New data protection laws have come into effect today, aiming to force businesses to put better data protection in place around their user’s information. Any companies seen not to be adhering to the new laws will be punished with big fines.
GDPR is the General Data Protection Regulation, and from today it applies to all businesses handling data about citizens in the European Union. The rules give consumers the right to know what their data is being used for by each business that holds it, as well as the right to delete it completely should they choose to. The only exception to the rule will be that a business doesn’t have to delete a user’s information complete if they have a good reason to hold onto it.
The use of a consumer’s personal information now requires explicit permission from the consumer. Any company seen to be offering a premium service in exchange for more data will have action taken against them, as this is not allowed under the new laws.
Over the past month many people will have been receiving emails from companies asking them to renew their consent to receive marketing, which is part of the new much higher security standards businesses must have around user data.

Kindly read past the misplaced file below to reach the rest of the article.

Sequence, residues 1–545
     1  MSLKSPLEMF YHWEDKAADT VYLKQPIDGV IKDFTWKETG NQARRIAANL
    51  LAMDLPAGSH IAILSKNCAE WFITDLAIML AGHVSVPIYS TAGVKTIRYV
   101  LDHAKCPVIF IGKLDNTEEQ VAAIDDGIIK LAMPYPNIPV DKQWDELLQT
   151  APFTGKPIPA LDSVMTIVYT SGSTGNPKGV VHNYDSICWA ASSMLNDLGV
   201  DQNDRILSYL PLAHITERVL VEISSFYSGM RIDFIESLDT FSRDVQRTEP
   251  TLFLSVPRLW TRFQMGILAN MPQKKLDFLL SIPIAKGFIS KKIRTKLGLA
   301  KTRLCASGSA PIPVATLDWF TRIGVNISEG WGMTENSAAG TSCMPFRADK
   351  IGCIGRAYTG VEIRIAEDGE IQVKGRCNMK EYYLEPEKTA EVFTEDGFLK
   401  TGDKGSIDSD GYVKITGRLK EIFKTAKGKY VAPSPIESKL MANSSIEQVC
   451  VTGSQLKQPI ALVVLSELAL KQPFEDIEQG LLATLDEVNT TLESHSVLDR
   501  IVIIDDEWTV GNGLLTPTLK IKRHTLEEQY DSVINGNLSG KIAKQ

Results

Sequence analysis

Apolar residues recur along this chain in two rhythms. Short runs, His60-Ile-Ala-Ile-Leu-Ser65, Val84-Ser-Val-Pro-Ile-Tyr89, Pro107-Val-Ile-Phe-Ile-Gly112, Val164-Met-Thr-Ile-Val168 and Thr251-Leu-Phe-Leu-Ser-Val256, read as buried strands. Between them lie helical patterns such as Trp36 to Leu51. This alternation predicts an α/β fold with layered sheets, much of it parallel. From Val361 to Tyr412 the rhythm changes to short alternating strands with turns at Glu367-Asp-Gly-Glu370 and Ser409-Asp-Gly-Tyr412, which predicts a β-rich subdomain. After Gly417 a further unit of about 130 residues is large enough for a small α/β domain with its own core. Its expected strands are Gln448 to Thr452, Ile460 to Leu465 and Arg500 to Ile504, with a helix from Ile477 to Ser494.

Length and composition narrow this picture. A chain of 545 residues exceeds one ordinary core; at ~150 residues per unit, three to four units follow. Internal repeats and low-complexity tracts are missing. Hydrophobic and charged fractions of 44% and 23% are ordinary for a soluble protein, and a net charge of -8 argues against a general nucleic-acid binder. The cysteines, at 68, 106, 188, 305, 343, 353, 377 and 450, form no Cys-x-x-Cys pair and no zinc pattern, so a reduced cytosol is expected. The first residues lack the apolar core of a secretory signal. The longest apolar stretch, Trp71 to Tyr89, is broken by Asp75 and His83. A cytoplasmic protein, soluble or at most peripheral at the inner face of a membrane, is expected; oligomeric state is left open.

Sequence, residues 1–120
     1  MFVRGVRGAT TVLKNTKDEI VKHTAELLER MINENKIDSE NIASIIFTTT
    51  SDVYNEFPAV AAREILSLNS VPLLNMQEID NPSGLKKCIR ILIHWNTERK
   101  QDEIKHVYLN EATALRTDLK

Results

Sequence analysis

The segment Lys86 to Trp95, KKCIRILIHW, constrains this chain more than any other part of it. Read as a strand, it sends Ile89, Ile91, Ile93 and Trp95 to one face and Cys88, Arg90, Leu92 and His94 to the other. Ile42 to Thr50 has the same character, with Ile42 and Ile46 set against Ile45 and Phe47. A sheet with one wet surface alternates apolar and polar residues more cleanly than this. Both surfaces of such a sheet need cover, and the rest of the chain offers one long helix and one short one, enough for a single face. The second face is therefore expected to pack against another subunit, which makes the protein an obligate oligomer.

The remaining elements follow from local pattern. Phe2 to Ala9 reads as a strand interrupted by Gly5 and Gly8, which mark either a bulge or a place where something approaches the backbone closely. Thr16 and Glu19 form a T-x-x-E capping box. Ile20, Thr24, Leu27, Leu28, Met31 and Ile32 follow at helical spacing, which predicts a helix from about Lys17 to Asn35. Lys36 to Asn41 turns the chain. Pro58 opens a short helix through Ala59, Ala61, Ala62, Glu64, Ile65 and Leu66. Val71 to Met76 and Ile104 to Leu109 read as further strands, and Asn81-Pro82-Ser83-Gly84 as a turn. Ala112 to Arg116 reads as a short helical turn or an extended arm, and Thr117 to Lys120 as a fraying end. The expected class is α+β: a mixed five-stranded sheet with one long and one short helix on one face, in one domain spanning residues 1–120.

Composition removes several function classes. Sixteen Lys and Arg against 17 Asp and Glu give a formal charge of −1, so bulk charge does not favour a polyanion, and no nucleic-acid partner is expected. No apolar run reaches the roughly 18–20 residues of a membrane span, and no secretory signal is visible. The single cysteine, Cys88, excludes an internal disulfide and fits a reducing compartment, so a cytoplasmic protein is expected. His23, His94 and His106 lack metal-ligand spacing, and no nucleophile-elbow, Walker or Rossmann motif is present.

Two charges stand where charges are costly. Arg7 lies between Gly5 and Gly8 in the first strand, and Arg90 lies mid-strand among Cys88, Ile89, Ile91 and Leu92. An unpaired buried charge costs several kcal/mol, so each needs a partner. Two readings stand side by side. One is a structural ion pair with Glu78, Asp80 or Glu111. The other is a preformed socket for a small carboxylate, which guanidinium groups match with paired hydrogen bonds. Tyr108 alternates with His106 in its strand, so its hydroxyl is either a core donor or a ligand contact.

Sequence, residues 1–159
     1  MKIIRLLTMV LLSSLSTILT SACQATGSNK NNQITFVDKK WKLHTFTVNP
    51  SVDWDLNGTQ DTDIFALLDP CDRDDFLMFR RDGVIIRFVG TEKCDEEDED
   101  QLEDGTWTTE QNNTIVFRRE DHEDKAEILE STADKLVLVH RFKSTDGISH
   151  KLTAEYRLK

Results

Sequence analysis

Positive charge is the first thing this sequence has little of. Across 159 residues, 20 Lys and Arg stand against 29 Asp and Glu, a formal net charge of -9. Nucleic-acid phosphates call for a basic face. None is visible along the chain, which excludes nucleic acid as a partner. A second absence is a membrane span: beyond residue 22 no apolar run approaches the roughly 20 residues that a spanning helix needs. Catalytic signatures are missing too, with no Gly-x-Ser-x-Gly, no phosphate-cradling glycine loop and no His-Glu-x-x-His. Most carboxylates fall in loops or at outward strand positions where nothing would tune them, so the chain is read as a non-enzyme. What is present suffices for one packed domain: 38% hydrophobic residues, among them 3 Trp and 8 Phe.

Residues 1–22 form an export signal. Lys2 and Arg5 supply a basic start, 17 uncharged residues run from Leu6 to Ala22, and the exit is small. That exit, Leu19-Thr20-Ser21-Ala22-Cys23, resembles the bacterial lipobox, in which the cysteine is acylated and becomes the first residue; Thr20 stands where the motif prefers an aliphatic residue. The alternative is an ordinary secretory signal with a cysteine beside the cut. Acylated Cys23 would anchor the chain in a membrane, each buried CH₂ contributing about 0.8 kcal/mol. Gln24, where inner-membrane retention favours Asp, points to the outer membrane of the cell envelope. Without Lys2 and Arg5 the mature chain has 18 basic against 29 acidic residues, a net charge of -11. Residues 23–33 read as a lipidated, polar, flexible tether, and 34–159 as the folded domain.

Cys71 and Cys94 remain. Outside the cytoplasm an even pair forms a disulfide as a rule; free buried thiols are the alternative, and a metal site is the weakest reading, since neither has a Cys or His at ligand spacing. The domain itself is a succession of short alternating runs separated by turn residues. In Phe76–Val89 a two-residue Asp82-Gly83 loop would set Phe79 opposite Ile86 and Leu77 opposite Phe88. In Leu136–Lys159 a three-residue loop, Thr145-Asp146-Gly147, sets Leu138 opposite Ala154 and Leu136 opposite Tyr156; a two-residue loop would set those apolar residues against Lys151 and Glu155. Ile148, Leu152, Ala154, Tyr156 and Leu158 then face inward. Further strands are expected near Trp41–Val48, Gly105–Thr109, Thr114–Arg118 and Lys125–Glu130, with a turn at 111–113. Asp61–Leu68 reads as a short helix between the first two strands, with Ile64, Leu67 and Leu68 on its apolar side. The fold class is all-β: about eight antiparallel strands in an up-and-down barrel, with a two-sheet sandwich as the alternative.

Consumer Rights Expert at Which?, Adam French, told press that the new rules benefit consumers greatly, giving them far more control over how their data is used, in additional to harsher punishments for those that misuse it.
Consumers will be able to see exactly what a company will use their data for from now on, and be able to claim damages for its misuse by a company. According to Ailidh Callander, a Legal Officer, these rules have been a long time coming.
Under the new rules the ICO (Information Commissioner’s Office, has the power to fine a business £17.5 million, or 4% of their annual turnover, should they be caught breaching the rules. Many small businesses are expected to be non-compliant, with small business owners worried about the ICO handing out fines to as many businesses as they can.
It’s important right now that companies ensure they’re compliant as soon as possible. A consumer needs to only look in their inbox to see the number of companies striving for compliance before an unexpected fine shows up.